Sue Bird defends Lindsay Whalen. (Neil Enns/Storm Photos)
Battle at the Point: Bird and Whalen
With six No. 1 overall picks and five Olympians on the respective rosters of the last two WNBA champions, the matchup between the Minnesota Lynx and Seattle Storm doesn't lack for star power. There are multiple intriguing matchups, but none better than the one at point guard, which features arguably the top two players at the position in the WNBA - the Storm's Sue Bird and the Lynx's Lindsay Whalen.
"It's a tough matchup," said Bird. "It's a fun matchup. I think we're kind of similar in some ways and different in others. At the core, though, we're both point guards who lead our teams and basically try to do whatever we can to help our teams be successful."
Both have done plenty to help their teams. Bird's Storm and Whalen's teams, first in Connecticut and now in Minnesota, have been consistently successful since Whalen entered the league in 2004. That year, the Storm defeated the Sun and a rookie Whalen in the WNBA Finals.
Terrence Vaccaro/NBAE/Getty Images
Teammates during the Olympics, Bird and Whalen have been squaring off since 2004.
2004 was the last time Bird and Whalen met in the postseason, but their paths have intersected repeatedly since then - most notably with USA Basketball. During the 2010 FIBA World Championship and this year's Olympics, Whalen served as Bird's backup for undefeated teams.
In general, Bird and Whalen share a common profile. They're both part of a generation of point guards that has redefined how the WNBA views the position. While predecessors like Ticha Penicheiro were expected to pass first and shoot later, Bird and Whalen demonstrated that point guards could be dangerous as scorers without shirking their playmaking duties.
Dig deeper, however, and Bird and Whalen have very different styles that rely on their unique characteristics.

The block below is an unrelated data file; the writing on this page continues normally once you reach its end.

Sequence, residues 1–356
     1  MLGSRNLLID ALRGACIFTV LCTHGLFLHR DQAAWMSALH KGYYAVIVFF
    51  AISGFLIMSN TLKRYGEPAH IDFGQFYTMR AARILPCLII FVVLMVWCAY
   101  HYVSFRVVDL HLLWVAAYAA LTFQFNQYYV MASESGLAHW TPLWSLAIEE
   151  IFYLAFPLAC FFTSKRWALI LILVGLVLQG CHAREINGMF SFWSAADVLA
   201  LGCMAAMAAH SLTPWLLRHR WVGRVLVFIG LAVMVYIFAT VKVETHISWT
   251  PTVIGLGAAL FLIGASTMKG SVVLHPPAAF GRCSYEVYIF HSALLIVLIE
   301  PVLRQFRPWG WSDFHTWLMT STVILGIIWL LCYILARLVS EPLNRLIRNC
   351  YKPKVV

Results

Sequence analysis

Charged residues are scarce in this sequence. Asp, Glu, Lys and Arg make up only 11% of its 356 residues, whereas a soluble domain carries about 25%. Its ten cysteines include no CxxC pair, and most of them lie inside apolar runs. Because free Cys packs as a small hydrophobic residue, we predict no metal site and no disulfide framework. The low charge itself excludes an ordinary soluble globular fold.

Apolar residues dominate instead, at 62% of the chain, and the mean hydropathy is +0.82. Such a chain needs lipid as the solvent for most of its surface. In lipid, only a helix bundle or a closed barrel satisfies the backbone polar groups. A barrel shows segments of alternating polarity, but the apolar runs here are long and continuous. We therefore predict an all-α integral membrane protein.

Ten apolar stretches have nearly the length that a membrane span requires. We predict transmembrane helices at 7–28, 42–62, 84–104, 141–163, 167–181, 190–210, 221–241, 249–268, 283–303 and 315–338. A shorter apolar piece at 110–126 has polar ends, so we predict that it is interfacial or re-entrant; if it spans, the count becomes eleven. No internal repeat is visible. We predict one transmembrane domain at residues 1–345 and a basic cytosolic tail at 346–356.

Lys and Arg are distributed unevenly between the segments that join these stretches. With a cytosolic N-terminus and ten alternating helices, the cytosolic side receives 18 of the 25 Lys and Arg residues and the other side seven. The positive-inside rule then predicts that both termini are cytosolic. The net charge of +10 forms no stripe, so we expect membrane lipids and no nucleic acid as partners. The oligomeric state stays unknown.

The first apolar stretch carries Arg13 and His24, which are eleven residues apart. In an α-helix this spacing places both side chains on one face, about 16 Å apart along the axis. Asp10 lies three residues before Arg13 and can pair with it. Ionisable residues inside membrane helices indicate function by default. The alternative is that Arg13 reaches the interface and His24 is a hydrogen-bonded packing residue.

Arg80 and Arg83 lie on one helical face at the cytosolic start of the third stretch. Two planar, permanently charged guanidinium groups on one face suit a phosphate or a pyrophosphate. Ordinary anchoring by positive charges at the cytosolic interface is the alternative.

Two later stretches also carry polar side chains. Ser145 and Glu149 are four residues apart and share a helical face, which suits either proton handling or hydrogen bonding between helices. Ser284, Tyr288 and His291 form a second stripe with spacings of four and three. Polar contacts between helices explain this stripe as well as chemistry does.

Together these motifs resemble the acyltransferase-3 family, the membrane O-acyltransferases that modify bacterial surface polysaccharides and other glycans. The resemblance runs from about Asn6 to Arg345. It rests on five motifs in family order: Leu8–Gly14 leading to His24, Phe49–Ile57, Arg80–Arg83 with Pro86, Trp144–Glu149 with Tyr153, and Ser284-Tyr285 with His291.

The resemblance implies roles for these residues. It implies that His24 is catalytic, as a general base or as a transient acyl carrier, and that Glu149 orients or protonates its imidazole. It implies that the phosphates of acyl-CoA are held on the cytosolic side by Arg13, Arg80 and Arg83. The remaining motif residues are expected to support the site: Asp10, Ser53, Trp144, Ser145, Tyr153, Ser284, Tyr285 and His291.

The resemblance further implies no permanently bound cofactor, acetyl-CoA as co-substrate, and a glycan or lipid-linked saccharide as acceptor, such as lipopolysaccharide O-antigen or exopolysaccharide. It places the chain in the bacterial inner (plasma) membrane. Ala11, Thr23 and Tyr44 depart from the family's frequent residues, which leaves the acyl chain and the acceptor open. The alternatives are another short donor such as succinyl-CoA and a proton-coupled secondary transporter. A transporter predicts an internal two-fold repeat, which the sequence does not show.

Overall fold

"They're very similar in the bigger picture," said Storm forward Katie Smith. "The way they get it done is a little bit different. They're different people with different bodies. They use their strengths to their advantage. Whalen is a more physical guard. She'll bang and body and doesn't mind a lot of contact driving to the hole. Birdy's a jump shooter, three-point ball, smooth."
"They're similar from the standpoint that they really do a good job of running the team," concurred Head Coach Brian Agler. "They're similar that way. They're similar from the standpoint that they're very experienced. They're different in terms of how they play the game. Lindsay's more of a powerful guard, drives to the rim. Very good shooter, very good distributor. Sue is more a jump shooter, three-point shooter, more a finesse player. "
The two approaches both have their merits. While Bird has made four All-WNBA First Teams, Whalen has made two. (San Antonio's Becky Hammon, with Bird, is the only other point guard to make it since Bird entered the league in 2002.) Bird has led the league in assists twice; Whalen won her third assist title this season, beating Bird by some two assists in a race that wasn't decided until the final day of the season.
That performance has been recognized by USA Basketball. Bird has been a fixture as part of three Olympic teams that won gold medals, the last two as a starter. Whalen is a more recent addition to the USA Basketball program who strengthened the team at point guard. Head Coach Geno Auriemma was even able to use the two players together at times, giving the USA a pair of elite playmakers.
"What started out as respect I would now call friendship. She's really cool and we had a lot of fun at the Olympics."
Playing together helped Bird get to know Whalen better.
"I think there's a lot of respect there," she said. "I think now that I've played with Lindsay for USA Basketball in 2010 and this year at the Olympics, having to guard each other every day in practice, she's someone who I spent a lot of time with. What started out as respect I would now call friendship. She's really cool and we had a lot of fun at the Olympics, joking around."
Over the next week, Bird and Whalen will be back to competitors. And, though they won't always match up - Minnesota will often put a bigger defender on Bird - the series could hinge on the performance of these two similar but different point guards.
"Both are very important," said Agler. "When they play well, their team usually plays well."Comments blog comments powered by Disqus